If there is, as Mr. King predicted, "stable and sustainable global economic growth" in 2005, then it would not be going too far out on the proverbial limb to forecast that ad spending "will grow marginally ahead of gross domestic product," particularly with quickening demand for media like the Internet and direct marketing. ZenithOptimedia is part of the Publicis Groupe.
Mr. Coen now predicts a worldwide total for ad spending next year of $553.4 billion, up 6.1 percent from his revised final estimate for 2004 of $521.5 billion. In June, Mr. Coen, who offers predictions twice a year, forecast that 2005 global ad spending would increase 5.9 percent from 2004, to $550 billion. (The figure for this year, the first time global ad spending would top $500 billion, represents an increase of 6.4 percent from $489.9 billion in 2003.)
Mr. Coen's forecast for next year is composed of $280.6 billion in the United States, up 6.4 percent from $263.7 billion this year, and $272.8 billion overseas, up 5.8 percent from $257.8 billion this year. Mr. Coen raised his overseas estimate by $2.8 billion from June and his domestic estimate by $600 million.
The projected increases are warranted, Mr. Coen said, by continued growth in the advertising economies of countries like China, Indonesia and Russia, as well as in spending in the United States in categories like beverages and snacks, financial services and telecommunications.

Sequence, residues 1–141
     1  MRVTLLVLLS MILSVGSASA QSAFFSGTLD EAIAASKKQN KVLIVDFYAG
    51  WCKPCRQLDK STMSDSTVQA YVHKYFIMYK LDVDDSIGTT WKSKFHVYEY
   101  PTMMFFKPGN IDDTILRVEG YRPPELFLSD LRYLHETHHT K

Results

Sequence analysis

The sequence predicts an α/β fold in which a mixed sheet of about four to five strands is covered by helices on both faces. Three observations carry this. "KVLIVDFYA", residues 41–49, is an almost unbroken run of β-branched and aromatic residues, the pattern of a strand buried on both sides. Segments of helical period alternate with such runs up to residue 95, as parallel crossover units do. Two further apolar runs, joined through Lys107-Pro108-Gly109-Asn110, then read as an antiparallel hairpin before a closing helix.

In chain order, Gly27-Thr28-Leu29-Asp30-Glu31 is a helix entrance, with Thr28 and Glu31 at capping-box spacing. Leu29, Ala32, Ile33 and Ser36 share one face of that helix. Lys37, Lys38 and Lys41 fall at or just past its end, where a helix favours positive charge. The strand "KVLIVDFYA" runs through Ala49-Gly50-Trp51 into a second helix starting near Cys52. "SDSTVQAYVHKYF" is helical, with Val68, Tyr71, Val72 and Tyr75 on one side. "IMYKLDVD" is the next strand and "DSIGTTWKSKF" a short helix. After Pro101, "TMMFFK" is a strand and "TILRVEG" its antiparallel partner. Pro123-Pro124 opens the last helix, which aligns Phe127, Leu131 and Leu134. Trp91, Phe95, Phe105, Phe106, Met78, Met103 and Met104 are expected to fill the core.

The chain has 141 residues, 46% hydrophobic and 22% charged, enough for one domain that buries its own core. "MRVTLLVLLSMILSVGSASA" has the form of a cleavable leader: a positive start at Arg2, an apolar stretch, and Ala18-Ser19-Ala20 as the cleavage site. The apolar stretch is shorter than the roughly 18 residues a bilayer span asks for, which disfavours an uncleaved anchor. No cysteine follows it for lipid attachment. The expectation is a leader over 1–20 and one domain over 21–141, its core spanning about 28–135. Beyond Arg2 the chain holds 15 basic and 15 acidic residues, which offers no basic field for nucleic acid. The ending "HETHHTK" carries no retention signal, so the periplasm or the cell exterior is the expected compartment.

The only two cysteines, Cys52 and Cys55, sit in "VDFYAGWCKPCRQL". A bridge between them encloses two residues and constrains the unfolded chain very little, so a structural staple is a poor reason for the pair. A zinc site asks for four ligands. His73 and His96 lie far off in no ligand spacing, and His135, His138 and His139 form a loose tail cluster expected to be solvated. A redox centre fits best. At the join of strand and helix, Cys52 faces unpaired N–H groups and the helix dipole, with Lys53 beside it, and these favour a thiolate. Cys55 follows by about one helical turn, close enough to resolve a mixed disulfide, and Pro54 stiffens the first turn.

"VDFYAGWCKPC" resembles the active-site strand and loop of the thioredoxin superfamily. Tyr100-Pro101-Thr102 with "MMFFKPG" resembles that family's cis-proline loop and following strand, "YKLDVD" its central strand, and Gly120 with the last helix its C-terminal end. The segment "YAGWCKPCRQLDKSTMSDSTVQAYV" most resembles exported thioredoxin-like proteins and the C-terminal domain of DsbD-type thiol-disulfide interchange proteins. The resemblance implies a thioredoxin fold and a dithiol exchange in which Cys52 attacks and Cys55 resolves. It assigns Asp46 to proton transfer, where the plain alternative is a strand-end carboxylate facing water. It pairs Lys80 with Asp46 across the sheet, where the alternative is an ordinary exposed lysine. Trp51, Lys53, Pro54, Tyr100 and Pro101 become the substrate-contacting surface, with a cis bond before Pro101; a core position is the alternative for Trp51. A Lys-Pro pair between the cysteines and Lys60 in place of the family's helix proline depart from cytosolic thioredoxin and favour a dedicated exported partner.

They are also warranted, Mr. Coen said, despite the fact that results for next year will be facing tough comparisons with 2004, when totals were lifted by spending for election and Olympics ads.
While Mr. Coen did not offer an estimate of how large the gain was this year, Mr. King estimated that such spending added $3.1 billion to the ZenithOptimedia worldwide estimate of $369.7 billion for 2004, accounting for 0.9 percent of the 6.9 percent increase from 2003. (ZenithOptimedia's numbers vary from those of Universal McCann, part of the McCann Worldgroup division of the Interpublic Group of Companies, because the two agencies keep track of spending in different media.)
For 2005, Mr. King said he had raised his estimate of worldwide ad spending growth to 5 percent, or $388.3 billion, from a gain of 4.8 percent he predicted in October; ZenithOptimedia updates its forecasts about four times a year. Mr. King, like Mr. Coen, cited increased interest among advertisers in media like direct marketing and the Internet, which are more measurable than traditional media like television.
Mr. King also offered predictions for worldwide ad spending in 2006, up 5.8 percent from 2005 to $410.9 billion, and 2007, up 5.8 percent from 2006 to $434.6 billion. At the newspaper association presentation, James Conaghan, vice president for research and business analysis, forecast that ad spending in American newspapers next year would total $48.6 billion, up 4.1 percent from $46.7 billion in 2004. In July, he had forecast a 4 percent gain for 2005 from 2004.
The total for this year was revised downward to a gain of 3.9 percent from the $45 billion spent in 2003; a 4.1 percent increase had been forecast in July and last December.
"I still think I'm fairly conservative," Mr. Conaghan said, primarily because "I am a little cautious" about the ability of demand for real estate ads in newspapers to continue growing briskly if interest rates rise.
Stuart Elliott, The New York Times. December 7, 2004